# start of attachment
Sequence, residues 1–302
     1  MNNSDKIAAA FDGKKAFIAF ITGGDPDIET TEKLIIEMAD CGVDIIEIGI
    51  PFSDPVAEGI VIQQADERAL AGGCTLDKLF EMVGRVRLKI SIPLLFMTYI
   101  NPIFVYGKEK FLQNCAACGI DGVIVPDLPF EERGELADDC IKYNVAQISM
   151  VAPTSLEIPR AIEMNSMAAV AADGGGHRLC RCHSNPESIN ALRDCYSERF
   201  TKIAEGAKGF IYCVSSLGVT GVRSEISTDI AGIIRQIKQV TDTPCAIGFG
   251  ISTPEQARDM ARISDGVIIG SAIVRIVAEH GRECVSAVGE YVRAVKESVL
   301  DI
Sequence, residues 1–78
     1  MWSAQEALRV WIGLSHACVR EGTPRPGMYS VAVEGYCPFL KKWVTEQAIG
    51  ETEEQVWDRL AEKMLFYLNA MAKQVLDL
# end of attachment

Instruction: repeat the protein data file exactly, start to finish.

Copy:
Sequence, residues 1–302
     1  MNNSDKIAAA FDGKKAFIAF ITGGDPDIET TEKLIIEMAD CGVDIIEIGI
    51  PFSDPVAEGI VIQQADERAL AGGCTLDKLF EMVGRVRLKI SIPLLFMTYI
   101  NPIFVYGKEK FLQNCAACGI DGVIVPDLPF EERGELADDC IKYNVAQISM
   151  VAPTSLEIPR AIEMNSMAAV AADGGGHRLC RCHSNPESIN ALRDCYSERF
   201  TKIAEGAKGF IYCVSSLGVT GVRSEISTDI AGIIRQIKQV TDTPCAIGFG
   251  ISTPEQARDM ARISDGVIIG SAIVRIVAEH GRECVSAVGE YVRAVKESVL
   301  DI
Sequence, residues 1–78
     1  MWSAQEALRV WIGLSHACVR EGTPRPGMYS VAVEGYCPFL KKWVTEQAIG
    51  ETEEQVWDRL AEKMLFYLNA MAKQVLDL